Widespread concern over a perceived decline in the quality of teaching in primary schools is revealed for the first time in a survey published by The Independent today.
An investigation covering more than 250 schools shows that one in three primary headteachers are worried the quality of teaching has deteriorated as a result of staffing shortages. The survey was carried out jointly by The Independent and the National Association of Head Teachers (NAHT).
One in seven schools still had vacancies unfilled at the start of term. More than half of the heads said they were facing grave difficulties recruiting supply staff when teachers fell ill or were seconded to training initiatives. Four schools were worried they may have to send pupils home at some stage due to a shortage of staff.
The survey is the first to concentrate on primary schools and the first to be carried out after the start of the new term. It shows the crisis in recruitment is being felt as much as in secondary schools. Overall figures from local education authorities, also compiled by The Independent, suggest there are 4,600 vacancies nationwide. The survey comes two weeks after national curriculum test results for 11-year-olds showed that improvements in English and maths standards over the past three years had halted.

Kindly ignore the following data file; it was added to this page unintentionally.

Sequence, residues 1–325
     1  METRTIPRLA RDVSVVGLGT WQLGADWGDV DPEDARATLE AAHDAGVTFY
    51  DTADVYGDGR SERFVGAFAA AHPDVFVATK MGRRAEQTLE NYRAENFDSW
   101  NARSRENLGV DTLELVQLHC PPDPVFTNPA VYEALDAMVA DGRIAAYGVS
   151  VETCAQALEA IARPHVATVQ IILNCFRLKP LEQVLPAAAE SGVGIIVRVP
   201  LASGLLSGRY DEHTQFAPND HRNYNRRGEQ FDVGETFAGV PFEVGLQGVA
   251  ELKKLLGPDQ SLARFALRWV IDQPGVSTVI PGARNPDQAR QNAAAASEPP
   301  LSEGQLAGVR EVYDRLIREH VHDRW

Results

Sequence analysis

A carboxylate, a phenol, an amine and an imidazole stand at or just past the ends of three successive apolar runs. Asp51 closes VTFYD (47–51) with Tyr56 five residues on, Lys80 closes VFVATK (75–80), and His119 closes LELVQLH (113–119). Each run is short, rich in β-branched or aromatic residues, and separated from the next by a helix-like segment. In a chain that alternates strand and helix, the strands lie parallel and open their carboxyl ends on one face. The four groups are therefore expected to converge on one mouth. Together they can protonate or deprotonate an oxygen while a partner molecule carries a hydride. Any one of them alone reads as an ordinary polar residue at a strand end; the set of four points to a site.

It also revealed that special schools were faring even worse, with half of those polled worried that teaching quality was suffering and with one in three unable to fill vacancies.
David Hart, the general secretary of the NAHT, said: "It certainly destroys the myth that shortages are all about secondary schools ... It demonstrates there is a growing crisis in primary schools."One headteacher said he had received only one application for an English teaching job in a plum location that would have attracted up to 400 a few years ago.
A spokesman for the Department for Education and Skills said hard work by headteachers and education authorities meant "no school has gone on to a reduced timetable since the start of this school year". He added: "Demand for primary teacher training remains buoyant."